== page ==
THE HAGUE/BEIRUT: The world’s chemical weapons watchdog called Wednesday for temporary truces to meet tight disarmament deadlines in Syria, as Iran said it refused any conditions for attending Geneva II talks.
“I think if some temporary cease-fires can be established, I think those targets could be reached,” Organization for the Prohibition of Chemical Weapons chief Ahmet Uzumcu told journalists in The Hague.
The OPCW has been charged with dismantling Syria’s chemical arsenal and facilities by mid-2014 under the terms of a U.N. Security Council resolution drawn up after deadly nerve gas attacks in August.
Uzumcu said during a rare public briefing on the state of Syria’s disarmament that the timeline “is extremely tight,” with 20 sites to be visited in the coming weeks.
He denied that the deadlines, including the destruction of all production facilities by Nov. 1, were unrealistic.
“Much depends on the situation on the ground, that’s why we have urged all parties in Syria to be cooperative,” Uzumcu said. “The elimination is in the interest of all.”
The OPCW said Tuesday it was sending a second wave of inspectors to bolster the disarmament mission in the war-ravaged nation.Uzumcu said that another 12 experts were being sent to Damascus.
Syria has won rare international praise for its cooperation with the chemical disarmament mission, deployed in Damascus since Oct. 1.
Inspectors have already visited one chemical site in Syria and were to visit another near Damascus Wednesday.
A team of around 30 OPCW arms experts and U.N. logistics and security personnel are on the ground and have started to destroy weapons production facilities, with footage of their work broadcast on Syrian television.
Syria has already made a declaration of its weapons facilities, and the U.N. resolution set a Nov. 1 deadline for the eradication of production and chemical-mixing facilities.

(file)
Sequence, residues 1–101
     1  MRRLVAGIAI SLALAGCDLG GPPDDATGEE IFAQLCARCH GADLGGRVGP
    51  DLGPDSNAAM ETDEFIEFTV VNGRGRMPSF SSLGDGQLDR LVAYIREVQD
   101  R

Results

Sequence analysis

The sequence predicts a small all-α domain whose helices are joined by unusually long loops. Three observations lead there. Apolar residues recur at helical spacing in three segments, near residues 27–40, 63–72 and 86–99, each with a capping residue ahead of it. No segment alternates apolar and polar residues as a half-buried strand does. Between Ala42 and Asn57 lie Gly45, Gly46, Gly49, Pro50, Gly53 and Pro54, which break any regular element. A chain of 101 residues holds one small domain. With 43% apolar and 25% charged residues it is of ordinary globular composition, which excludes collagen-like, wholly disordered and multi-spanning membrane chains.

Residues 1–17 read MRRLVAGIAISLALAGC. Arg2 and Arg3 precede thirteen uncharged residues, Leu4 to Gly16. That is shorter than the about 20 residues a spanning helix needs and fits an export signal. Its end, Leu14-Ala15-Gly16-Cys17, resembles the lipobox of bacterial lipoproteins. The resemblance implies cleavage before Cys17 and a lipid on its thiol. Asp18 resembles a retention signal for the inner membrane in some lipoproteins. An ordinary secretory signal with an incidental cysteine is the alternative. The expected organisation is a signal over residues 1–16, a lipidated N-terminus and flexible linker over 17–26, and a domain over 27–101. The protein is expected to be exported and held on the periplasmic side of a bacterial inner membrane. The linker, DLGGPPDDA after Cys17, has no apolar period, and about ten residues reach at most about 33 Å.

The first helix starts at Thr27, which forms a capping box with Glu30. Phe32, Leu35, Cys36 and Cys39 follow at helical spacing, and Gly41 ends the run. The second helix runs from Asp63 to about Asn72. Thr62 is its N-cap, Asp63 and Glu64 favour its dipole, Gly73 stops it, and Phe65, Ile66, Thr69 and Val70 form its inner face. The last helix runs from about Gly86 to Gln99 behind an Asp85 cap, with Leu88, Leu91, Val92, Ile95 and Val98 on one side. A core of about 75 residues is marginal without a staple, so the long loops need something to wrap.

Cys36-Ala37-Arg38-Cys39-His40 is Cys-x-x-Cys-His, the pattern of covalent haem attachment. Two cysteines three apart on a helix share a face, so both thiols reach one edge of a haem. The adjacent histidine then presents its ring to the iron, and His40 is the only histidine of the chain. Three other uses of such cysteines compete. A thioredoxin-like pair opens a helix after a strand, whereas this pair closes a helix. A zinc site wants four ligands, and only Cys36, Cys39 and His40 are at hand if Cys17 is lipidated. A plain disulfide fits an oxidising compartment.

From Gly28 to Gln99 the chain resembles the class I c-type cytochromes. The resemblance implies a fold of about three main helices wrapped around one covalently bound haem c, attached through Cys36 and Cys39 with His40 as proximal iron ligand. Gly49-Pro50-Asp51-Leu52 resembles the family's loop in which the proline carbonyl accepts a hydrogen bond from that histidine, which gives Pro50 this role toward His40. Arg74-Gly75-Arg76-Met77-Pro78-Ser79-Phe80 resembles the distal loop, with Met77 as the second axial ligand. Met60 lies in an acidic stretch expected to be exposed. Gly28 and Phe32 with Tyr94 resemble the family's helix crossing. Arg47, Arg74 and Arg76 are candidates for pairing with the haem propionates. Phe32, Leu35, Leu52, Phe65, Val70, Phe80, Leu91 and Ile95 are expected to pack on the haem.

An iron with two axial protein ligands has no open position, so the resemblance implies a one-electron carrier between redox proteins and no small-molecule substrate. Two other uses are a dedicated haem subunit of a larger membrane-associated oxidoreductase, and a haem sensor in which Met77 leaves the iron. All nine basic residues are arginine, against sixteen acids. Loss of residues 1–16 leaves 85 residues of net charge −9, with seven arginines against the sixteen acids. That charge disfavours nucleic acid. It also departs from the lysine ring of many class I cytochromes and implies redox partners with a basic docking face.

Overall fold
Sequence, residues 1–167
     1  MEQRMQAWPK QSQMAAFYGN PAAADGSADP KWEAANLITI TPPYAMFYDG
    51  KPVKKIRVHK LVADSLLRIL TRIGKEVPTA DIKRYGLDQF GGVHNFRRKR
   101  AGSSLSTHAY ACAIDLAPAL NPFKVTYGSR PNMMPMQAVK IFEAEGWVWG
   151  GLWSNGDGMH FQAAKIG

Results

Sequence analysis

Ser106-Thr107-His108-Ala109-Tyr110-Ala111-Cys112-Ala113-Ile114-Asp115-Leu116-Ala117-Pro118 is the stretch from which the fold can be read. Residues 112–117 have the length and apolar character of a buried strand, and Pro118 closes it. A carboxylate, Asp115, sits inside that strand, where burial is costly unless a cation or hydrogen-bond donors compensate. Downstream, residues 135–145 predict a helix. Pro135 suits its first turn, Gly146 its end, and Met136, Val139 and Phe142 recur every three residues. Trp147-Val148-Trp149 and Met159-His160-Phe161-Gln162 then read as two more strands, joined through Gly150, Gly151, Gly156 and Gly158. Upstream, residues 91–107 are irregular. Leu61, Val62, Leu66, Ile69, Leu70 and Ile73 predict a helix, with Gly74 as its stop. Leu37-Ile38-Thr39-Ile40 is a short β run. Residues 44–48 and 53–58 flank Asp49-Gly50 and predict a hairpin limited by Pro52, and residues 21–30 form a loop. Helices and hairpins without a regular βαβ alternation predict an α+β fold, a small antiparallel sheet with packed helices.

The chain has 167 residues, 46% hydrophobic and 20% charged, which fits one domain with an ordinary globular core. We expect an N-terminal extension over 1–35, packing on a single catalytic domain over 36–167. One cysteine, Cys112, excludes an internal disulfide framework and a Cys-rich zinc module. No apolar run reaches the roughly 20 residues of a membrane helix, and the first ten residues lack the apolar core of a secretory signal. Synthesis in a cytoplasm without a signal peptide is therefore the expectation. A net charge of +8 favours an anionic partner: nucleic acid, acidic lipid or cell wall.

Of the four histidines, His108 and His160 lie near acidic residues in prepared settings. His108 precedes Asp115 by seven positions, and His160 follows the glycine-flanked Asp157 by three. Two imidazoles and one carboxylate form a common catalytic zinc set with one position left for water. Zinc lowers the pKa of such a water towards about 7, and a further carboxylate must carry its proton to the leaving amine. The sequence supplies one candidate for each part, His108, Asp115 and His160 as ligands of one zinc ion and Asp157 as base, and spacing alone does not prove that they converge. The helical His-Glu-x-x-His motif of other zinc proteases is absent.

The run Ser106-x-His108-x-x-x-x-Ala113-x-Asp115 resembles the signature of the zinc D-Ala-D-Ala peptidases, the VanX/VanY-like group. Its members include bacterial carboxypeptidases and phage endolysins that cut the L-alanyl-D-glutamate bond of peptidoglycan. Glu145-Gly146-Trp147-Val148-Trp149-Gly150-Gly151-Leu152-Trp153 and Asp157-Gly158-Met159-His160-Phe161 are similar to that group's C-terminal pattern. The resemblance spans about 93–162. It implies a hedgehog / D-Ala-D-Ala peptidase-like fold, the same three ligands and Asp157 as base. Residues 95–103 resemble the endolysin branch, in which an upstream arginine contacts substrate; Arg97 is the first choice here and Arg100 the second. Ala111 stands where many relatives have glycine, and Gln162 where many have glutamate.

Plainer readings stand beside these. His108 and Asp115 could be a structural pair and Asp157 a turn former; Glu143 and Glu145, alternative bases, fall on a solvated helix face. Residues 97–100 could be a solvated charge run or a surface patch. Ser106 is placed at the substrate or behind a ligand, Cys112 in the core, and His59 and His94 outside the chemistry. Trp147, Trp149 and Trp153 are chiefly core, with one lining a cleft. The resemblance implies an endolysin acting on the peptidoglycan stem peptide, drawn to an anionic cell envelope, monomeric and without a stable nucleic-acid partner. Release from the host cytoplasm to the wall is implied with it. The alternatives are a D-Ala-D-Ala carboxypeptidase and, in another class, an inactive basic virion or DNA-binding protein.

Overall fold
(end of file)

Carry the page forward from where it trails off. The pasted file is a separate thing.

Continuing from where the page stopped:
OPCW spokesman Michael Luhan said that despite the risky nature of the disarmament program, there were “no shortage of sign-ups” among the organization’s inspectors to take part in what is a voluntary mission.
At the same news conference, Uzumcu’s political adviser Malik Ellahi said “at the moment there are certain sites that are located in areas which are dangerous.”
He added: “So far what we have been told is that most of the sites and facilities that we need to inspect are in government control.”
Snipers shot at U.N. inspectors in August as they traveled to the scene of a suspected gas attack at Ghouta east of Damascus in which hundreds were killed.
Previous attempts by international mediators to negotiate broader cease-fires have failed, though it might be easier for combatants to agree to halt their fire in a specific location for a limited time.
Two large umbrella groups for the Arab and Muslim world – the Arab League and the Organization of Islamic Cooperation – are urging those fighting in Syria to halt fighting for the duration of next week’s four-day Muslim holiday of Eid al-Adha, the Arab League’s deputy secretary-general, Ahmad Ben Heli, told reporters in Cairo Wednesday.
Elsewhere, Iran said it rejected any conditions for taking part in a long-delayed peace conference on Syria, Iranian media reported, in effect dismissing a U.S. suggestion that Tehran back a call for a transitional government in Damascus.
The U.S. State Department said Monday that Washington would be more open to Iran taking part in a Geneva II conference seeking an end to the war if Iran publicly supported a 2012 statement calling for a transitional authority to rule Syria.
But Iran rejected any conditions being placed on it to participate in diplomatic efforts on Syria, Foreign Ministry spokeswoman Marzieh Afkham said Tuesday evening.
“If our participation is in the interest of achieving a solution, it will be unacceptable to set conditions for inviting the Islamic Republic of Iran, and we accept no conditions,” Afkham said, according to the state-run Press TV.
A June 2012 “Geneva Communique” sought to chart a path to a diplomatic resolution of the conflict, and was agreed to by major powers such as the United States and Russia, Gulf states, and Syria’s neighbors Iraq and Turkey – but not Iran, which was not invited to those talks.
The agreement called for a transitional governing authority but left open the question of whether Assad must leave power.
The agreement said such a transitional government must be chosen by the Damascus government and the opposition by mutual consent, which the United States says in effect rules out Assad staying in power.